Tinder mobile dating app
Needless to day, men have been left less than impressed. Tinder

A US student discovered an astonishingly simple way to scam lusty Tinder users out of money – and it's sure to leave you wondering why you didn't think of it first.

Twenty-year-old Maggie Archer made up to $100 a week simply by writing "Send me $5 and see what happens" in her Tinder bio. When unwitting admirers took the bait, she sent them her PayPal account info, waited for the cash to come in – then simply unmatched with them.

"It's really a fool-proof plan, because I'm not actually promising anything, I just say 'see what happens,'" Archer told BuzzFeed News.

Archer said the scam began as a joke between friends, but after finding that it worked decided to see how far she could take it. Out all the people she matched with, the student claimed around one in five actually sent her money – meaning the more you match, the more cash you could potentially make.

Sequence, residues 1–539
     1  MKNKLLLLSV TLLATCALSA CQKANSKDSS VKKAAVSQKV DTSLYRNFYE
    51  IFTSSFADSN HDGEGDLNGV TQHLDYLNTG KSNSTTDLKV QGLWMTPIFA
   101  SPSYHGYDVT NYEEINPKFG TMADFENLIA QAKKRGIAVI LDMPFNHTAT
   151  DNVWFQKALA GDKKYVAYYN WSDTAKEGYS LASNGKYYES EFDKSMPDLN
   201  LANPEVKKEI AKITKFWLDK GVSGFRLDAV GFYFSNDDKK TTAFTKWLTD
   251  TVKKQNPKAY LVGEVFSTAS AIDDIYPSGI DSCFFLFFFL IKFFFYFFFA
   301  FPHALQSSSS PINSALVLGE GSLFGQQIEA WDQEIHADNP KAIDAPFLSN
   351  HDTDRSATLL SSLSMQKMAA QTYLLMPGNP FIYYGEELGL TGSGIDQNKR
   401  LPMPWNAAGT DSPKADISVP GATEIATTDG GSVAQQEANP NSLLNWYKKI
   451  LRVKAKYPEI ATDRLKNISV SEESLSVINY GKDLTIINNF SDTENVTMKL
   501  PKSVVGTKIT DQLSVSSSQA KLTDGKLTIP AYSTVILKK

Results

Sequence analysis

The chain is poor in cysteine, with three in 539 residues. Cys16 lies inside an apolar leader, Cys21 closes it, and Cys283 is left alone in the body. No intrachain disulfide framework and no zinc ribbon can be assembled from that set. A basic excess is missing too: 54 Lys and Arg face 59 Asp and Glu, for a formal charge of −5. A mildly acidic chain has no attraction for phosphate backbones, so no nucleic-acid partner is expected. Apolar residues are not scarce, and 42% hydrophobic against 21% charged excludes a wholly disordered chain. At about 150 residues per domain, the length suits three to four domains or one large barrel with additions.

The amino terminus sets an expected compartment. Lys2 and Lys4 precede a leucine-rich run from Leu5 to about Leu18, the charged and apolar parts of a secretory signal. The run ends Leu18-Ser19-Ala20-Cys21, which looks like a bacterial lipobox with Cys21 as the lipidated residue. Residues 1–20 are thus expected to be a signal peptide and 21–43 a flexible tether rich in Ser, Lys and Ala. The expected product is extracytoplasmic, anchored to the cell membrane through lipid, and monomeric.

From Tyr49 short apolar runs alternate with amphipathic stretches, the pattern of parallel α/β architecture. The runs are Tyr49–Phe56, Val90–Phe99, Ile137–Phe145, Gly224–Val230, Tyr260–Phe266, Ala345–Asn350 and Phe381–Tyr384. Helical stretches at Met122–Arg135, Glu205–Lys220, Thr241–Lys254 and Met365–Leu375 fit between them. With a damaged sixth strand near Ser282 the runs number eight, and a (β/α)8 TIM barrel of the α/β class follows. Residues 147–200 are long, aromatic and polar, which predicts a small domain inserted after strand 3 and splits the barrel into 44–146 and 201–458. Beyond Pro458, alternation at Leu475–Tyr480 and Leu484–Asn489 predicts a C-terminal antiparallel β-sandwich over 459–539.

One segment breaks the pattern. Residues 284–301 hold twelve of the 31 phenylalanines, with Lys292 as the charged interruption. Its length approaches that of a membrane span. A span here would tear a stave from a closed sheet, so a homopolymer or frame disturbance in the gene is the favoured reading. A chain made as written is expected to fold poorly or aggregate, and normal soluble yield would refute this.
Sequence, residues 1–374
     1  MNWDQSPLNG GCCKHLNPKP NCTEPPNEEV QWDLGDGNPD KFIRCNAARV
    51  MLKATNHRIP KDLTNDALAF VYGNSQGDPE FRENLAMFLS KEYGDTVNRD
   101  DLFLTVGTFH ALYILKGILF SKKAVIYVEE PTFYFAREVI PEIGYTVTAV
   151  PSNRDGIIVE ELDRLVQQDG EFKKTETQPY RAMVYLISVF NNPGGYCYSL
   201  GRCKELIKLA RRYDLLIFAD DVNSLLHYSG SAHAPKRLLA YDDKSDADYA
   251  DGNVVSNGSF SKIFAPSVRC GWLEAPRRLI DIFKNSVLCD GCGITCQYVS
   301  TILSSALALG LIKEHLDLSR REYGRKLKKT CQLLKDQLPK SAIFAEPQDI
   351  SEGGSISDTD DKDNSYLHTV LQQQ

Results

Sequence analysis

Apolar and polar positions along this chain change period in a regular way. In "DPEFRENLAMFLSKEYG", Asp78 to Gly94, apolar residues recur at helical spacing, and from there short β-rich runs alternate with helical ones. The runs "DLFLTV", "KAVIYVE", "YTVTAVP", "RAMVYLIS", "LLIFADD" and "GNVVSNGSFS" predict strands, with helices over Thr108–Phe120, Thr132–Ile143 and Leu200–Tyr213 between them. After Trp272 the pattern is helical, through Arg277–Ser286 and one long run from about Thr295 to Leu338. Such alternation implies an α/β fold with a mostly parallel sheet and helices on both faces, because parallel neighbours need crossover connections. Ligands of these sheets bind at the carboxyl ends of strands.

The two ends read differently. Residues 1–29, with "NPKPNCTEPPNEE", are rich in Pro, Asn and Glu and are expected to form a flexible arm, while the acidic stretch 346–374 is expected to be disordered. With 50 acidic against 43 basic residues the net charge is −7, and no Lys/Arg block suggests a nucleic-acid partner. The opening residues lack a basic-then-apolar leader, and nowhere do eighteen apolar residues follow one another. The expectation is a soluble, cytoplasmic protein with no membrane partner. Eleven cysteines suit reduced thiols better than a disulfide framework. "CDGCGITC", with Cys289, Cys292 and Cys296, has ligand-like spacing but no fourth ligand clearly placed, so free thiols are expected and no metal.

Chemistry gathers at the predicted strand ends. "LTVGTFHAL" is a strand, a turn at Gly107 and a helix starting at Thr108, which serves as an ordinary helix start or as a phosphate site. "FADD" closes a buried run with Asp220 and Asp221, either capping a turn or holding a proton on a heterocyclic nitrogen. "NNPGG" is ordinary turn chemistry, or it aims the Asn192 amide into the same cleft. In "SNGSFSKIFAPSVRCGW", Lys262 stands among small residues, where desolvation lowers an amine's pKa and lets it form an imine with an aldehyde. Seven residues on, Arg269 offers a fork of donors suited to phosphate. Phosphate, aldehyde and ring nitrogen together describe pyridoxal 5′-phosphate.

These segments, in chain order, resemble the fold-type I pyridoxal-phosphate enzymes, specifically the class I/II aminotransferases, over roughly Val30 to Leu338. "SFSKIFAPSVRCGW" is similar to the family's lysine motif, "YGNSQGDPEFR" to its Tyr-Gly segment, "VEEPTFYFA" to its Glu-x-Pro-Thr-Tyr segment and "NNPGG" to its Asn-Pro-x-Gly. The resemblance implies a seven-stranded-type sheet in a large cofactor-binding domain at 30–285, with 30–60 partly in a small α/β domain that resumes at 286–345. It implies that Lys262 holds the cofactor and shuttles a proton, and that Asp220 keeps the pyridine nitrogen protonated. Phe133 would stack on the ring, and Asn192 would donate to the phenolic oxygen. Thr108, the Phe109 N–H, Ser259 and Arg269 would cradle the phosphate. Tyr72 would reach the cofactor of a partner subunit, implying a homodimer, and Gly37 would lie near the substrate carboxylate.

Archer claimed that during the course of one week she received money from over than 20 men, pocketing her at least $100.

While some have dubbed the scam cruel, others have praised Archer for her enterprising scheme. Yes, it's exploitative, but why would you send money to someone you don't know in the first place?

After sharing screenshots on Twitter, other woman have reported success with the ploy after trying it out for themselves. Unsurprisingly, the reaction from those duped has been less enthusiastic.

A word of warning to anyone thinking of using Archer's idea for their own ends: Tinder has now shut down Archer's account for violating its terms of service and warned that users who try anything similar risk having their accounts terminated.

An exploitative money-making scheme or a lesson in male stupidity? You decide.